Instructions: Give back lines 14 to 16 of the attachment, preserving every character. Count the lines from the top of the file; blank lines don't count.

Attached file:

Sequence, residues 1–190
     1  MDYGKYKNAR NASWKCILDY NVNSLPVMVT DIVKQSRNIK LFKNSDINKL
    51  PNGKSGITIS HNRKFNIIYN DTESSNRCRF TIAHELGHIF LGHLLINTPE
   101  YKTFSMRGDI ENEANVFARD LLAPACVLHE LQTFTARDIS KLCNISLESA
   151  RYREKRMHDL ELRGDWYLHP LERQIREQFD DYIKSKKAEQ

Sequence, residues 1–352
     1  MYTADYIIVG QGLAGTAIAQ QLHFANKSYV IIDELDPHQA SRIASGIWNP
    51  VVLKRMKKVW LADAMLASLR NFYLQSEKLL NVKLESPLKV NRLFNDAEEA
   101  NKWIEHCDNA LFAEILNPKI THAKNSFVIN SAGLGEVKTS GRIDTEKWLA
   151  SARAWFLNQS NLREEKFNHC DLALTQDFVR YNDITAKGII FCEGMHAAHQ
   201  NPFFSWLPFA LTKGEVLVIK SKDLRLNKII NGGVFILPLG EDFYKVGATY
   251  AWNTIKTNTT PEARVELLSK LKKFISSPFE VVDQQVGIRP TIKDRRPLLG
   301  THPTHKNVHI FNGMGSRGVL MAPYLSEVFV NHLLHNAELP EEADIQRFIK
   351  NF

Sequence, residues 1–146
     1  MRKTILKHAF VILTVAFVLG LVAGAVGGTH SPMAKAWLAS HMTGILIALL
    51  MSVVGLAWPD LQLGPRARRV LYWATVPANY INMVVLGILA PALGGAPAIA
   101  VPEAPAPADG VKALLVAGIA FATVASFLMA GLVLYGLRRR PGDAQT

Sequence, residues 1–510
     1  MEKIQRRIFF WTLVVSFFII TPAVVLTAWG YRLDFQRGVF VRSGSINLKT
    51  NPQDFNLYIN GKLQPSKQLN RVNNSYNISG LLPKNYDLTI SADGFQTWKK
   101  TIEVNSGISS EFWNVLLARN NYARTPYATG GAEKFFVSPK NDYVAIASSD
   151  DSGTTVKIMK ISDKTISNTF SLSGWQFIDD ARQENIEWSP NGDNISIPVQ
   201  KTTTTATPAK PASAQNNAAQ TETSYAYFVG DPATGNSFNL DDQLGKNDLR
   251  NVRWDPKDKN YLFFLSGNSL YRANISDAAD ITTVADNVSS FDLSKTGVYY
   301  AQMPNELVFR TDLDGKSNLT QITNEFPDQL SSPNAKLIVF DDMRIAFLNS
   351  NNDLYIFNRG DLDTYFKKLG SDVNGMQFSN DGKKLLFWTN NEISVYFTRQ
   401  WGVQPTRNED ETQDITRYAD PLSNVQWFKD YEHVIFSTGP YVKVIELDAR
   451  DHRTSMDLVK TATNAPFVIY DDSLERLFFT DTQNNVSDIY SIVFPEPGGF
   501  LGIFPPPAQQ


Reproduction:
   351  NF

Sequence, residues 1–146
     1  MRKTILKHAF VILTVAFVLG LVAGAVGGTH SPMAKAWLAS HMTGILIALL